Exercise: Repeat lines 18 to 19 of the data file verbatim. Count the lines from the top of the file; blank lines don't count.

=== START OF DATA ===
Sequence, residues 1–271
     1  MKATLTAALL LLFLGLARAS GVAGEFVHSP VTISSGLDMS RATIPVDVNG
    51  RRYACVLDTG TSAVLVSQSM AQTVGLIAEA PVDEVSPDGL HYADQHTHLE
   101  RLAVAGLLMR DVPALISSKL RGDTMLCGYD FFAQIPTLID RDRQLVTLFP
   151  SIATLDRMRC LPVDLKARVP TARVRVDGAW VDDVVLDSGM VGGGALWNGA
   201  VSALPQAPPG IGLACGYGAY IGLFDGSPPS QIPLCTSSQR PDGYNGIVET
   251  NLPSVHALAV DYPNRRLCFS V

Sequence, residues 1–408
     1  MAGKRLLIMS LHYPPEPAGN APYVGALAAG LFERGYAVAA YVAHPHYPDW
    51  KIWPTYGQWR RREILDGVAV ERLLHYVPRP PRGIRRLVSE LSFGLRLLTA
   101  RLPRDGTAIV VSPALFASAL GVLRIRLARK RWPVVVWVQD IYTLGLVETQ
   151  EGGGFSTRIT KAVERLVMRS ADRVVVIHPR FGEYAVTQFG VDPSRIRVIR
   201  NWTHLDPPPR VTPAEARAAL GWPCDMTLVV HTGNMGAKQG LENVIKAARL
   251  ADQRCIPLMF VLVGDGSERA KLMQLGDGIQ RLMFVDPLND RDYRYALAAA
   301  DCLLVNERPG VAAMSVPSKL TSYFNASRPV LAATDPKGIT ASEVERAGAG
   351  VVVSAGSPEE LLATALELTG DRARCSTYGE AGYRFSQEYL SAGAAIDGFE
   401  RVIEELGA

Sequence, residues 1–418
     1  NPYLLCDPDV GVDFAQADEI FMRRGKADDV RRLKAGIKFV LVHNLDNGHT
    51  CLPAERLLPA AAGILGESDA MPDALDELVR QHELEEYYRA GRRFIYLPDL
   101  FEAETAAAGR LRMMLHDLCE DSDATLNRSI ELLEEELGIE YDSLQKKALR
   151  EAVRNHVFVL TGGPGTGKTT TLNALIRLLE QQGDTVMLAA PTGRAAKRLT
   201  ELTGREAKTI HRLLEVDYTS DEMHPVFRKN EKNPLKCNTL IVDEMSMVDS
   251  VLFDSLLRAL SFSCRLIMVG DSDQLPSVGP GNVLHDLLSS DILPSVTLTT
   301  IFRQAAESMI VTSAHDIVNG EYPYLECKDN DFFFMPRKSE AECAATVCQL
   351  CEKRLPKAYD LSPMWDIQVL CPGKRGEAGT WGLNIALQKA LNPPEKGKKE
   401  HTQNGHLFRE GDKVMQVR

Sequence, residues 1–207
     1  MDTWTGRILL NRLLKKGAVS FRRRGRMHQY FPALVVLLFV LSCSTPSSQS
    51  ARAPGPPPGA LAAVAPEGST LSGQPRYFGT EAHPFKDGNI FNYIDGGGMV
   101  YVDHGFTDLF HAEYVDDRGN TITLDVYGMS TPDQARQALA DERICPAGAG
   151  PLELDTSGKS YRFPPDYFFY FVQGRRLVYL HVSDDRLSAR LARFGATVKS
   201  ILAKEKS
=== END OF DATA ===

Sequence, residues 1–418
     1  NPYLLCDPDV GVDFAQADEI FMRRGKADDV RRLKAGIKFV LVHNLDNGHT